Joseph Beuys

Feb 4, 2012 – May 28, 2012

The second in the Museum’s yearlong series of major installation works by important postwar figures, Joseph Beuys features the monumental environmental work, Blitzschlag mit Lichtschein auf Hirsch (Lightning with Stag in its Glare), 1958-1985, along with selected multiples that extend the installation’s conceptual framework.

One of the most controversial internationally known German avant-garde artists of the postwar years, Beuys (1921-1986) was an influential theorist and teacher for several generations of European artists. Provocateur and political philosopher, Beuys worked across mediums—from drawings and sculptures to “happenings” and conceptual art—in his effort to define a new societal model through art. The installation Blitzschlag … was first created in the 1982 seminal Workshop exhibition at Martin-Gropius-Bau in Berlin, and subsequently refined to embody ever more complex layers of meaning from the traditional myths and literature of Northern Europe. Beuys invokes the primal creative energy of nature with the work’s forceful bolt of lightning and use of the symbolism of the stag in northern mythologies as protector of primordial animals and a conductor of the soul to resurrection and redemption.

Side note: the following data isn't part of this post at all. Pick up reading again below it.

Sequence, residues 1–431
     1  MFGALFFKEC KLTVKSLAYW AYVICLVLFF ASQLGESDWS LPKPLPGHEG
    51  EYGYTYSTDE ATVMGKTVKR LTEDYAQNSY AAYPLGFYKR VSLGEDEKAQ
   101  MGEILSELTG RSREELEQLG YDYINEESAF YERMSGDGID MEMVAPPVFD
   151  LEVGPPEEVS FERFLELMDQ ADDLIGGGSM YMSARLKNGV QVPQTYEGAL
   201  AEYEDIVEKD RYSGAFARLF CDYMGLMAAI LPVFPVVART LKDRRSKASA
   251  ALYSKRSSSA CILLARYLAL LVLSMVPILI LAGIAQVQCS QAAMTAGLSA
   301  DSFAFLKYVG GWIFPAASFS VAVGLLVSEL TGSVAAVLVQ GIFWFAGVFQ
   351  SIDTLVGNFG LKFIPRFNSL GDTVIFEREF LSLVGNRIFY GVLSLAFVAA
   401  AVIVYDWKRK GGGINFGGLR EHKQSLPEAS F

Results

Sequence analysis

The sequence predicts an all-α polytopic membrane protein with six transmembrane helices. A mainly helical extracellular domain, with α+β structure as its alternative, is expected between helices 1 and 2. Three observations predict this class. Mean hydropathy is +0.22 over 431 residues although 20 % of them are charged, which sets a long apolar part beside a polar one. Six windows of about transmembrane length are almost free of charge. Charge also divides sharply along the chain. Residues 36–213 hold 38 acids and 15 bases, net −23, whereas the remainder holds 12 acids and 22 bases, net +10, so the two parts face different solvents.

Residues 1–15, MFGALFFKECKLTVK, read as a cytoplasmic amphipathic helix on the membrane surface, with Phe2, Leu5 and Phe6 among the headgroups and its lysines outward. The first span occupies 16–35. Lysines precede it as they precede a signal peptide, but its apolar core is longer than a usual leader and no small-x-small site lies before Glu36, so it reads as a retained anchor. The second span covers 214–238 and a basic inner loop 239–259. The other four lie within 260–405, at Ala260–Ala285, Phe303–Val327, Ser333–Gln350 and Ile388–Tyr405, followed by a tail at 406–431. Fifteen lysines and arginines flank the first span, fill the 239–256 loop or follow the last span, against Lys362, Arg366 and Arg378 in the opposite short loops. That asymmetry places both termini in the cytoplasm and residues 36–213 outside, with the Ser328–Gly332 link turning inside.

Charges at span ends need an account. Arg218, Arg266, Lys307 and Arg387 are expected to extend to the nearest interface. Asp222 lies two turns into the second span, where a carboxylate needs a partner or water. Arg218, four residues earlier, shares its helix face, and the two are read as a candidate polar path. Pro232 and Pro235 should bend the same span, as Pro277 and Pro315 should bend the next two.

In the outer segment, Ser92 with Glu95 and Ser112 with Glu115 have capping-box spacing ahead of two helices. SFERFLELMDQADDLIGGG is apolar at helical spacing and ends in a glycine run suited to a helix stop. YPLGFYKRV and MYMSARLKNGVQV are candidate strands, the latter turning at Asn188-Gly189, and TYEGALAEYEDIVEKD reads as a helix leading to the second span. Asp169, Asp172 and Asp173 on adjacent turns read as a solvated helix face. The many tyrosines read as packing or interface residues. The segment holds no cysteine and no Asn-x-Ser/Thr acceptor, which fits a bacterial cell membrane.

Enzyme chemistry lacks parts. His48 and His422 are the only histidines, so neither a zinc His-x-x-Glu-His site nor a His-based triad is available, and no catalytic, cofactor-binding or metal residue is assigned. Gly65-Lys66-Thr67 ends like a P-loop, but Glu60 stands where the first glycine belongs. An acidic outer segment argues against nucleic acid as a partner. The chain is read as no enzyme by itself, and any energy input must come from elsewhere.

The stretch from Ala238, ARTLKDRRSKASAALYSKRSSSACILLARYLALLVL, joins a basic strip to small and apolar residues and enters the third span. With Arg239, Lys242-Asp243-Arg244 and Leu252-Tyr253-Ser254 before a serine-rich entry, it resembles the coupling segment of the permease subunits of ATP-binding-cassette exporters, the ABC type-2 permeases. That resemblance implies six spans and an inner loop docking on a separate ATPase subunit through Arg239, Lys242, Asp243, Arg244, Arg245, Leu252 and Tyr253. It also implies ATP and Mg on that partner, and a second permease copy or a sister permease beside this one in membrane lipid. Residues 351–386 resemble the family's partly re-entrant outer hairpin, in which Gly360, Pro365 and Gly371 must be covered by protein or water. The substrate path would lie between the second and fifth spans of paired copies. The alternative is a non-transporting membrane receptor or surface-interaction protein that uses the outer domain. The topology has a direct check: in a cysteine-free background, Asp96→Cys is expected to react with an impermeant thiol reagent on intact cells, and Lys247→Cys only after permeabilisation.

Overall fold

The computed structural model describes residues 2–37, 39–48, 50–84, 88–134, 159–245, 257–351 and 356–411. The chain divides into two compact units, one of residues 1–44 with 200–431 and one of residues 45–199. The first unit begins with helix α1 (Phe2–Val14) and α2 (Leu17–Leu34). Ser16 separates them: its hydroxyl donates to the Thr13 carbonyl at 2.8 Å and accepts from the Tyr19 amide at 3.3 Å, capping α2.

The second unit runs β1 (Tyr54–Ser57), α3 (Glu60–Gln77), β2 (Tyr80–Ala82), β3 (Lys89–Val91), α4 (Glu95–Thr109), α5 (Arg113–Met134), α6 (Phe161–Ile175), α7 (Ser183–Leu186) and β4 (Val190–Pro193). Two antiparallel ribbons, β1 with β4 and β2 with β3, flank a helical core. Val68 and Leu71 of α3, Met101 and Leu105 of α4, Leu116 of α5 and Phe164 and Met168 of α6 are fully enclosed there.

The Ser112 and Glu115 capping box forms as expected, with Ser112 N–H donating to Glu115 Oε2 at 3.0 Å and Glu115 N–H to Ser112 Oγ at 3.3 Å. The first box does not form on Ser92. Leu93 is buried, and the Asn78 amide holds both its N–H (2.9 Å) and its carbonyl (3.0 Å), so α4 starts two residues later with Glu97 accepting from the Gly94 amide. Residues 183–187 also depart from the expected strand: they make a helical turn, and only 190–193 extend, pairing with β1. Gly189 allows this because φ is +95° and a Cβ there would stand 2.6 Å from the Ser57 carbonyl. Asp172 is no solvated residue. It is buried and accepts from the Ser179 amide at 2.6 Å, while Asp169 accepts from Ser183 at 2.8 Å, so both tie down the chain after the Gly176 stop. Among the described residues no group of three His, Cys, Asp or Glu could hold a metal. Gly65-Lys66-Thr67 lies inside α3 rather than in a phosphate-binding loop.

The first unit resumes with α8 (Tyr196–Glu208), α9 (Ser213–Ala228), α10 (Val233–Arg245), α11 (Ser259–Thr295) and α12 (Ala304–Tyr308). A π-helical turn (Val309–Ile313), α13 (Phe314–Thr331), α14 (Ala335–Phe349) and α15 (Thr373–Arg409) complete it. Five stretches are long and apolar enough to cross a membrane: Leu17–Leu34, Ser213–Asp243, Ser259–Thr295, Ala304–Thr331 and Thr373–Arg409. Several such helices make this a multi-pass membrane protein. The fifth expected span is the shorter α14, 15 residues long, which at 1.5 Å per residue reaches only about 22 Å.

Organized by the Portland Art Museum and curated by Bruce Guenther, curator of modern and contemporary art.

Supported in part by The Paul G. Allen Family Foundation.